Of course, this is a simple technique of implementing dialogue. But it can be applied easily to regular papers without having to bring in Theaitetos or Socrates. What’s tricky about it is that some readers still stop reading after the first paragraph…

Procrastinating? Hesitating as engaging in conversation

Great timing… While most of you are on holiday, I’m starting a blog on (writing) philosophy. Yes, I know! There are so many blogs, even on philosophy, and we don’t really need another one… Actually, I’m just finalising a book, but since that’s rather scary and torturous, I thought about my new book project called Handling Ideas: it’s supposed to be a (fairly popular, yes!) book about understanding, expressing and applying ideas. And since that is scary, too, why not start by writing about writing instead? Also, it’s 37 degrees in Groningen.

On a more serious note (don’t think you can skip this!), I think that the practice of philosophy and writing are intimately connected. You all know how long the distance between the thought in your head and the page or screen in front of you really is. And you already know that before you actually finish this damn sentence that you started crafting yesterday, you’ll soon rush to the delete button to change a few words again…

Writing, that is amongst other things: deciding on the ultimate way of expressing a thought, is scary for many of us, but I think that it is an integral part of an important process: when we rush to change a word before we settle on a formulation, we actually engage in a conversation with our readers and former selves. You might think something along the lines of “you won’t like this, so…” or “why did I come up with that?” or “no, I should have put this differently.” – But what is actually going on in these moments? – I think that what we often call procrastination or hesitation is part of a conversational exchange or thought process: it’s part of practising philosophy. It’s all the back and forth that you might remember from Plato’s dialogues. Just a little less elaborate perhaps, but certainly just as interesting.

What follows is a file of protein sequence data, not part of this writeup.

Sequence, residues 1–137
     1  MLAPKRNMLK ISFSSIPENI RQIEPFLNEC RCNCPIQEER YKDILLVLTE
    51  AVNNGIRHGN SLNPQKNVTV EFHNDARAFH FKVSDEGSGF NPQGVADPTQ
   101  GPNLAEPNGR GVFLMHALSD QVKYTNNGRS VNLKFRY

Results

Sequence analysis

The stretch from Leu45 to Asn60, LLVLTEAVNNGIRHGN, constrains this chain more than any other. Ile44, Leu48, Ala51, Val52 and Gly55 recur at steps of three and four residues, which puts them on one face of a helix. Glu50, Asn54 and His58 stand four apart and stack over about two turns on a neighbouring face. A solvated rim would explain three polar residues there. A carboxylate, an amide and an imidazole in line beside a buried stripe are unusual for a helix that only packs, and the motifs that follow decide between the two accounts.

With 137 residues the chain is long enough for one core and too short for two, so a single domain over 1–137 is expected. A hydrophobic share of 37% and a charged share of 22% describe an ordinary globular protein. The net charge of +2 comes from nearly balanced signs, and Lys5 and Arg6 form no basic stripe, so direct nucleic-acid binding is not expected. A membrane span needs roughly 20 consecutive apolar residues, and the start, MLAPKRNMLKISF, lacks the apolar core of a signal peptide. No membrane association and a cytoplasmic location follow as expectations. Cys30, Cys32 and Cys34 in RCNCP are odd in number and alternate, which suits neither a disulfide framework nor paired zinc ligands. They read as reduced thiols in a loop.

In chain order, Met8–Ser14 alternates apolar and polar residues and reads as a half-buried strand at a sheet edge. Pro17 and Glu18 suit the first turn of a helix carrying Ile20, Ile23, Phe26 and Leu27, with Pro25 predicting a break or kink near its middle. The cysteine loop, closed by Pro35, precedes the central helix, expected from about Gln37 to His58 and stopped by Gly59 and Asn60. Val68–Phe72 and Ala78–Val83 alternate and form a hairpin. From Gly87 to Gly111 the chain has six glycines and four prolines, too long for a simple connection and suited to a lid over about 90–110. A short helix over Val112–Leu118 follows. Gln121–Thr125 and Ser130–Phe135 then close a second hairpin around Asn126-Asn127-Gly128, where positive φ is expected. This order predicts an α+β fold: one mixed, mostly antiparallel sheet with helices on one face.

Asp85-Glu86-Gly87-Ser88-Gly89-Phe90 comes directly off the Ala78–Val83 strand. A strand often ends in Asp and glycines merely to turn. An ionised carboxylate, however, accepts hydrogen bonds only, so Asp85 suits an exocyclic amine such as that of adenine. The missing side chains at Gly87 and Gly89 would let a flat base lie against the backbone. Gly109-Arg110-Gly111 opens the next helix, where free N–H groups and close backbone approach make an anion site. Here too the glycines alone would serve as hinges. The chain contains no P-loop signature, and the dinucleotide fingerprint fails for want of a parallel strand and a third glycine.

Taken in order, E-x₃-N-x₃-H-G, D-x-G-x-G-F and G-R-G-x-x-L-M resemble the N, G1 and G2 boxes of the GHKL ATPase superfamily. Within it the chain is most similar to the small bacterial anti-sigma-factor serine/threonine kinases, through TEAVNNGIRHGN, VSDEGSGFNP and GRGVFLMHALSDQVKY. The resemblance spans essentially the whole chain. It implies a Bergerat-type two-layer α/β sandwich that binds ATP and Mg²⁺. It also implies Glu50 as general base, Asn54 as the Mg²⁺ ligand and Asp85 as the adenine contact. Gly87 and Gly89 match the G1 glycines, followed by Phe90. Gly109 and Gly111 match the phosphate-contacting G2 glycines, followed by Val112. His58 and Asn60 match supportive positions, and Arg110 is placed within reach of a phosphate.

More often than not, these conversations are suppressed, though. They might seem imperfect or whatever. So in many of the following posts I would like to invite you and myself to bring these conversations to the fore. There are excellent guides on writing and philosophy, but most of them aim at good products. I’m more interested in the doubtful stages that all too often fall through the cracks. This concerns both the writing and the actual philosophy.

In keeping with the conversational spirit, I not only hope for comments on posts but for many guest posts. Enjoy the summer and see you around!


PS. I’d like to thank my former student assistant César Reigosa. It was in conversation with him that I decided to settle on the title “Handling Ideas”.